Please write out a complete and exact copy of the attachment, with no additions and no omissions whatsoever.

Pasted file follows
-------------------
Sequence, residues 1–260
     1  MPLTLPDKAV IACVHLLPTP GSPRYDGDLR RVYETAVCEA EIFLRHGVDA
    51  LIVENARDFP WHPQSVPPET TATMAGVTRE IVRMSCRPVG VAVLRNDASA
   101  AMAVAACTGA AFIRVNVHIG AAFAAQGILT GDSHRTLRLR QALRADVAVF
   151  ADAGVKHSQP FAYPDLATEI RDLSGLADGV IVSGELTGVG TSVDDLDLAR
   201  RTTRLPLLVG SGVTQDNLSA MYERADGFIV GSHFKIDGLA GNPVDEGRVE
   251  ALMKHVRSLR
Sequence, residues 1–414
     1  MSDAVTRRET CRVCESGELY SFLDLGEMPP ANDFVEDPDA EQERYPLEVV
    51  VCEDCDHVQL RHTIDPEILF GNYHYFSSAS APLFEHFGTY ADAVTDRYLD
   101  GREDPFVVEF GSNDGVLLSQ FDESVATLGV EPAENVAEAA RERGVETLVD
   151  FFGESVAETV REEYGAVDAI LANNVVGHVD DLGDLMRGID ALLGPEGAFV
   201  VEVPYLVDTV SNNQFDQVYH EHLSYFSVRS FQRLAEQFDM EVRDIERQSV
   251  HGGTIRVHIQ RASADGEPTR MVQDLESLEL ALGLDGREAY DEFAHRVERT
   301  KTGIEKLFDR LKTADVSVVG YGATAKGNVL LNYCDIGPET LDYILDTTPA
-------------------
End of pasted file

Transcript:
Sequence, residues 1–260
     1  MPLTLPDKAV IACVHLLPTP GSPRYDGDLR RVYETAVCEA EIFLRHGVDA
    51  LIVENARDFP WHPQSVPPET TATMAGVTRE IVRMSCRPVG VAVLRNDASA
   101  AMAVAACTGA AFIRVNVHIG AAFAAQGILT GDSHRTLRLR QALRADVAVF
   151  ADAGVKHSQP FAYPDLATEI RDLSGLADGV IVSGELTGVG TSVDDLDLAR
   201  RTTRLPLLVG SGVTQDNLSA MYERADGFIV GSHFKIDGLA GNPVDEGRVE
   251  ALMKHVRSLR
Sequence, residues 1–414
     1  MSDAVTRRET CRVCESGELY SFLDLGEMPP ANDFVEDPDA EQERYPLEVV
    51  VCEDCDHVQL RHTIDPEILF GNYHYFSSAS APLFEHFGTY ADAVTDRYLD
   101  GREDPFVVEF GSNDGVLLSQ FDESVATLGV EPAENVAEAA RERGVETLVD
   151  FFGESVAETV REEYGAVDAI LANNVVGHVD DLGDLMRGID ALLGPEGAFV
   201  VEVPYLVDTV SNNQFDQVYH EHLSYFSVRS FQRLAEQFDM EVRDIERQSV
   251  HGGTIRVHIQ RASADGEPTR MVQDLESLEL ALGLDGREAY DEFAHRVERT
   301  KTGIEKLFDR LKTADVSVVG YGATAKGNVL LNYCDIGPET LDYILDTTPA